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Histories of Illinois Civil War Regiments and Units

The following histories of Illinois Civil War regiments and units originate from the first eight volumes of the nine volume publication, Report of the Adjutant General of the State of Illinois (1900-1902). (The ninth volume lists units of the Black Hawk, Mexican and Spanish-American Wars as well as the War of 1812.) The histories, some written shortly after the warís end, are the work of numerous authors throughout the intervening years. The 1886 version of the Adjutant Generalís Report included regimental histories compiled by that office which had not previously been published. The final 1900-1902 republication of the report incorporated revisions and corrections to the histories.

A listing of regiments and units which have accompanying histories follows. In recognition of the service of Illinoisí six regiments during the Mexican War, the assignment of regimental numbers for infantry began with seven. Please click on the bookmark for the desired regiment or unit to get to the history for that regiment or unit.

33rd Illinois InfantryTop

The THIRTY-THIRD INFANTRY ILLINOIS VOLUNTEERS was organized at Camp Butler, Illinois, in the
month of September 1861, by Colonel Chas. E. Hovey, and mustered into the United States
service by Captain T. G. Pitcher, U.S.A.

September 20, moved to Ironton, Mo., via St. Louis. Remained at Ironton during the winter,
with occasion scouts into the country. On one of these the battle of Frederickstown was fought-Company
A on skirmish line. March 1862, moved, with the command of General Steele,
southward, passing into Arkansas at Pitman's Ferry, and marching, via Pocahontas and
Jacksonport, to Batesville, where it joined General Curtis' army; thence, via Jacksonport, Augusta
and Clarendon, to Helena.

July 7, at Cache creek, or Cotton Plant, several companies participated in a battle with Texas
rangers, in which Company A rescued and brought off a field piece belonging to our cavalry.
The rebels had a large number killed, and were pursued for some miles. According to our official
report, one hundred and twenty-three rebel dead were found on the main battlefield, and a
number were killed in the pursuit. Seven were killed and fifty-seven wounded on the Union side;
none killed in the Thirty-third.

During July and August were camped 20 miles south of Helena, and engaged in eight expeditions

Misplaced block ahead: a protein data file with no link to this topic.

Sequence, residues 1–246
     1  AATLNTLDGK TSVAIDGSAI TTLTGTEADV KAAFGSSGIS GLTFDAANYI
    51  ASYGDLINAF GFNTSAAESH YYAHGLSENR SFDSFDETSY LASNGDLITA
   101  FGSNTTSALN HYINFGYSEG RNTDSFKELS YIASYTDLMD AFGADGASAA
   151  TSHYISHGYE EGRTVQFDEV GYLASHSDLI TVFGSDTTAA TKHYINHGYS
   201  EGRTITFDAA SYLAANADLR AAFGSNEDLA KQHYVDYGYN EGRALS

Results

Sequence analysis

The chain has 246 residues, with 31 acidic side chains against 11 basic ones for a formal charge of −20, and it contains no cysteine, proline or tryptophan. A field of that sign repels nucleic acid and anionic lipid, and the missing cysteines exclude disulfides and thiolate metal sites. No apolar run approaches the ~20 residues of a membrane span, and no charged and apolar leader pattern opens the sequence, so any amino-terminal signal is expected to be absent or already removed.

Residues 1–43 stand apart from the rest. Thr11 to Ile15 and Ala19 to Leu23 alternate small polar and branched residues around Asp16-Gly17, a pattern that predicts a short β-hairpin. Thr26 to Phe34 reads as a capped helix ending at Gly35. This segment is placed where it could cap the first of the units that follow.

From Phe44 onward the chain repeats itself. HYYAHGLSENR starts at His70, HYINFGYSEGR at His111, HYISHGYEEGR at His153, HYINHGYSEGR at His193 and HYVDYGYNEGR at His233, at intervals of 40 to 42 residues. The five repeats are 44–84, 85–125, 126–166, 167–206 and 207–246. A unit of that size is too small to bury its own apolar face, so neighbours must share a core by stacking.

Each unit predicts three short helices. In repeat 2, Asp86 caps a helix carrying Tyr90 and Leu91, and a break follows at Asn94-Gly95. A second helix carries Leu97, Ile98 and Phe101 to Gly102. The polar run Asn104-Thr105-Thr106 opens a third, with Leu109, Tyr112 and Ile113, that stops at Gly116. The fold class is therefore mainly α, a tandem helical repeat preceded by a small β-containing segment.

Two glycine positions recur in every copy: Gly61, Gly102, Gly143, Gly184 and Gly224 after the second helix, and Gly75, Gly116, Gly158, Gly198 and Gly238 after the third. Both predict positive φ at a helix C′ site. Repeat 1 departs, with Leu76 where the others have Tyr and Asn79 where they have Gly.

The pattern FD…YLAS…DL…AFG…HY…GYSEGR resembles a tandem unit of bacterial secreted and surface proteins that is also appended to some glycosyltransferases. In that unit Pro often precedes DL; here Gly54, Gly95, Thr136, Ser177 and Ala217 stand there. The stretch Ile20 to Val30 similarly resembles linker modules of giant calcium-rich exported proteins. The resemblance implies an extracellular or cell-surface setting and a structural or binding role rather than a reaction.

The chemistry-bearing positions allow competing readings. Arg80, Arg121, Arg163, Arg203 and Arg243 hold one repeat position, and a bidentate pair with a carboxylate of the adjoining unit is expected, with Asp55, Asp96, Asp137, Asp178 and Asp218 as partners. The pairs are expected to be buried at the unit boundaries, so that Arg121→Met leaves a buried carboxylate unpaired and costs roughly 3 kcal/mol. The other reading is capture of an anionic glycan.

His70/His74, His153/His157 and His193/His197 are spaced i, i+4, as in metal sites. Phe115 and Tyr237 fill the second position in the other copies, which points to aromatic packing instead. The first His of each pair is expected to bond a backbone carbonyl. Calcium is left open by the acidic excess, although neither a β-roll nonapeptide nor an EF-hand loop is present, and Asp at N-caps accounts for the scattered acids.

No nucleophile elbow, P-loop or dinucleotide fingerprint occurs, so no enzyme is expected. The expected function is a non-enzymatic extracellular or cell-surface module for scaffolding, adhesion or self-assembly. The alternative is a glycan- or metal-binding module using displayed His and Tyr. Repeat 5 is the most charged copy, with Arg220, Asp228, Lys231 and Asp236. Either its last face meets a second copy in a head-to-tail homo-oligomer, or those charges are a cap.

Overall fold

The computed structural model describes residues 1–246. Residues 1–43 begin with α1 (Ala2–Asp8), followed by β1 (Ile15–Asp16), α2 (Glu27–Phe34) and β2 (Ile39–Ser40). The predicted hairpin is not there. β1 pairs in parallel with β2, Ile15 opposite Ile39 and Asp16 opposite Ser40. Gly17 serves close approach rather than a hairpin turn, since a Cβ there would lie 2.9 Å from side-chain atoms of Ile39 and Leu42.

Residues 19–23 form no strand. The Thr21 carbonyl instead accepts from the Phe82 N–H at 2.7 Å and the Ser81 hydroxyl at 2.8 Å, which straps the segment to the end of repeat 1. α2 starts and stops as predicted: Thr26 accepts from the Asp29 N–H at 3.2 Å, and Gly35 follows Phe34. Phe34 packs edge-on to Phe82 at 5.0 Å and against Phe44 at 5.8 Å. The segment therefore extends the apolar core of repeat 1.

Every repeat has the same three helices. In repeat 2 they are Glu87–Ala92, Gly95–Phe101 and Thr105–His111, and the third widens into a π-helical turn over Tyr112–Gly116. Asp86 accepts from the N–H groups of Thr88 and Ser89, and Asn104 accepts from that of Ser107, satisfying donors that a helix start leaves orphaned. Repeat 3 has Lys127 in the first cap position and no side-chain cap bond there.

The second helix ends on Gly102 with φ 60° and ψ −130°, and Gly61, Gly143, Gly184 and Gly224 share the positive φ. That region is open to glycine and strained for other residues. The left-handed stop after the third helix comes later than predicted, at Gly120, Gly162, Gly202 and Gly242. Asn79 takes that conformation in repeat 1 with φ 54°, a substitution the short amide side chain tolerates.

up and down the river.

September 1, was moved up the river to Sulphur Springs, and thence to Pilot Knob, where it
arrived the middle of October 1862.

November 15, moved to Van Buren, Ark., in Colonel Harris' Brigade, Brigadier General W. P.
Benton's Division, of General Davidson's Corps. Made winter campaign in Southeast Missouri,
passing through Patterson, Van Buren, Alton, West Plains, Eminence and Centreville, and
returned to Bellevue Valley, near Pilot Knob, about March 1, 1863.

The Thirty-third was then directed to St.. Genevieve, Mo., where with the command, it embarked
for Milliken's Bend, La. Attached to the First Brigade, First Division, Thirteenth Army Corps, it
was engaged in all its battles, participating in the battles of Port Gibson, Champion Hills, Black
River Bridge, assault and siege of Vicksburg, and the siege of Jackson.

April 28, in company with a large force, embarked and ran down to Grand Gulf, where we
watched the five-hours fight between the gun-boat fleet and the rebel batteries. The fleet having
failed to silence the rebel guns, the troops marched across the bend to the river below, and the
fleet ran past during the night, through a heavy fire, which however did but little injury even to
the frail transport boats.

Next day, April 30, again embarked, ran down the river some miles, and landed on the
Mississippi side. May 1, the Regiment opened the fight on both the right and the left of the field;
and the Thirteenth Corps mainly fought and won it. Four companies off the Thirty-third under
Major Potter deployed as skirmishers on the left, developed the position of the enemy, and drew
an artillery fire, holding the position until relieved by General Osterhaus' Division.

Next morning, May 2, entered Port Gibson without further resistance, found the suspension
bridge across the bayou burned; and the Thirty-third built, in four hours, a practicable floating
bridge, ever which the army marched.

On the 16th, was fought the battle of Champion Hills.